Our Memories of the


Gary Faulstich has some memorabilia of the Graduation:

Article 1


Article 2


Dan Davis remembers some tense moments:

I have always told people I graduated "last in my class", which is literally true. We lined up in height order, tallest in the back row. As I came down to receive my diploma, I could not see my feet due to the robe and the risers were more than a little shaky. I got a little worried, then thought "What if I fall down these stairs with everyone looking at me?!?!" Turns out it must have shown, because that is the first thing my Mother said to me, "Dan, I was afraid you were going to trip coming down the stairs." "Aw, Mom!"


Stich remembers even more serious fears:

My one memory of graduation was when (name redacted) went up to get her diploma, a bunch of us yelled at her to "suck her belly in" since she was pregnant and of course in those days she was not sure they would let her graduate if they knew she was pregnant.


Barry Smith remembers our graduation at the Broadmoor was special:

Ours was the last class to graduate from that old school, and the first I think, to hold our graduation exercises in the then-new International Center in Broadmoor (second year it had opened I think).


Dan Davis was struck by Mrs. Murchison's criticism of the class's processional:

For some strange reason, I remember quite distinctly being a little bemused at Mr. Murchison's haranguing the class for not being able to march to "Pomp and Circumstance" at the commencement rehearsal. We were all in the large hall of the International Center up at the Broadmoor. She was clapping her hands in time to the music and berating us for not keeping time. "Didn't you learn to march in grade school?" she asked with feigned or real incredulity. I had the image of Lucy van Pelt from "Peanuts" marching around the Schroeder's piano with her fist held above her head. A few years later in boot camp, I wished I had paid more attention.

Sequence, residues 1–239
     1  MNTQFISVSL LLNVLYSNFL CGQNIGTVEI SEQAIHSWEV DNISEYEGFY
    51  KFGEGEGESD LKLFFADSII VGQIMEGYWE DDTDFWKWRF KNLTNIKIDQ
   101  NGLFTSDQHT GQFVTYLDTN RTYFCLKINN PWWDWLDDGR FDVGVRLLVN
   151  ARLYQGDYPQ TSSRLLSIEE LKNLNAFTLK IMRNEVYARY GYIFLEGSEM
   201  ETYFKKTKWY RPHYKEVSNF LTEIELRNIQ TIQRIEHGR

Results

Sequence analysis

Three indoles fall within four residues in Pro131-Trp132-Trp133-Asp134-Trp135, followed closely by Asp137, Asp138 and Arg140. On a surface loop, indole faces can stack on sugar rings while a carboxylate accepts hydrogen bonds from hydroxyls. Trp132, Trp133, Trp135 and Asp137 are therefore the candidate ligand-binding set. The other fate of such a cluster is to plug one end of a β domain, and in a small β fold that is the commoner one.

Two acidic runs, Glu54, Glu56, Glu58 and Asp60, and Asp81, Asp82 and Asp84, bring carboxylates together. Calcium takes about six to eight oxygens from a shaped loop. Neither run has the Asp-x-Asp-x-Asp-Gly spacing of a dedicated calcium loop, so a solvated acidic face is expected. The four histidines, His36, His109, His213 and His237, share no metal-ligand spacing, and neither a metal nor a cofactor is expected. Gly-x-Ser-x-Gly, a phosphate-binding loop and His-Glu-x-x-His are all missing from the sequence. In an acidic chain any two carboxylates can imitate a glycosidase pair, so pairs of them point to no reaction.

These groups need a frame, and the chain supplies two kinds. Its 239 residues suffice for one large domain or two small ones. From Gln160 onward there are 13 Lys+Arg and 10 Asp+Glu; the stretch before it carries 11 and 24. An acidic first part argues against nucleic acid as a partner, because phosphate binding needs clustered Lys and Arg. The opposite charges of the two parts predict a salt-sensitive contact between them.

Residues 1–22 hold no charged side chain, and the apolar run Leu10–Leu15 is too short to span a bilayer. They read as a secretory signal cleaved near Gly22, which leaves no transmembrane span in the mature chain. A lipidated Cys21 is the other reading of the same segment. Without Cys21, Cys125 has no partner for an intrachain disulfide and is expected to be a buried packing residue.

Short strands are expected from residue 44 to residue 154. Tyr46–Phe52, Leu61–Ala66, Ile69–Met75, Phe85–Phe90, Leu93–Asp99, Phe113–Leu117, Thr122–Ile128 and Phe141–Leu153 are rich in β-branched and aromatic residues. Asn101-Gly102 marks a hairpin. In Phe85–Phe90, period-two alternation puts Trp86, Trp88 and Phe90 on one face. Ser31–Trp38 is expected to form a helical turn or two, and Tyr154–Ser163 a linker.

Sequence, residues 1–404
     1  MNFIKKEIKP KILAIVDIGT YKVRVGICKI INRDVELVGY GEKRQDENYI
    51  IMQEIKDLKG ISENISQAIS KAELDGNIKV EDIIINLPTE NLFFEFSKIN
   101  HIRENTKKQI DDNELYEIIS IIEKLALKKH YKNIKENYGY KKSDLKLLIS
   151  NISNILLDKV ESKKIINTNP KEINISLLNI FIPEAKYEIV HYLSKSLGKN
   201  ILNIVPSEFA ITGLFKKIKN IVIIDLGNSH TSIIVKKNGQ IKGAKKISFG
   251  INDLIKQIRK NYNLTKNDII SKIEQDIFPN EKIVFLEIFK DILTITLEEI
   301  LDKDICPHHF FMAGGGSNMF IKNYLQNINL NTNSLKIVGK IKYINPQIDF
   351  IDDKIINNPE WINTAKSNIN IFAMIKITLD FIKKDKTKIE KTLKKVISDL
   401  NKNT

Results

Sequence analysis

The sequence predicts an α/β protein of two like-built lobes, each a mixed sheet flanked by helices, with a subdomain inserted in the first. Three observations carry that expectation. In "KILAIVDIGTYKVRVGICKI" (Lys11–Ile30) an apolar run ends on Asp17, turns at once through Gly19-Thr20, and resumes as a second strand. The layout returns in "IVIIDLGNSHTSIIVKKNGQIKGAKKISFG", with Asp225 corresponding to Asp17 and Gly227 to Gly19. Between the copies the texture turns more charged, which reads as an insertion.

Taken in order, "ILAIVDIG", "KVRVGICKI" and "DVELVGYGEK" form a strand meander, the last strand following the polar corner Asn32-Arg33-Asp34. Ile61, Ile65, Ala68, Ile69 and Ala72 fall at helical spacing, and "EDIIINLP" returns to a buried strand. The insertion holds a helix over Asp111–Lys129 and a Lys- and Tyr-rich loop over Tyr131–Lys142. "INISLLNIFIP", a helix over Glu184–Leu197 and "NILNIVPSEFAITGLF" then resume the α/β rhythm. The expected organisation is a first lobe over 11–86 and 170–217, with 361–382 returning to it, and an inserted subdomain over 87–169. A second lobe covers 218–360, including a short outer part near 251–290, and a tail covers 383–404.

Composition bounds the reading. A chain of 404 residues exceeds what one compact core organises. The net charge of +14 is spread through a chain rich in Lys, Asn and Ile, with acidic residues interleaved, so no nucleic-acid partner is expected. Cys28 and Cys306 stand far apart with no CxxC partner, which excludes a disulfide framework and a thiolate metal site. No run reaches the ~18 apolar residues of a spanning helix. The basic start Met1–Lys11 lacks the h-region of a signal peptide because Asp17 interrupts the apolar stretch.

The Class Poet Laureate, Barry Smith, provides Variations on a Theme by Dorothy Stott Shaw:

-----Now That I Am Old-----

Now that I am old,
My sheaves are gently gathered,
And on the ground,
The grass is colored brown.

Some of life's storms,
I've struggled and gotten through,
I'm turning back,
Again to what once was.

I'm going back again,
To Cheyenne Mountain,
Although my heart will
Cross valleys and the seas.

My faith is strong again,
With Cheyenne Mountain,
And with the school that
Means the world and all to me.



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Dan Davis 2012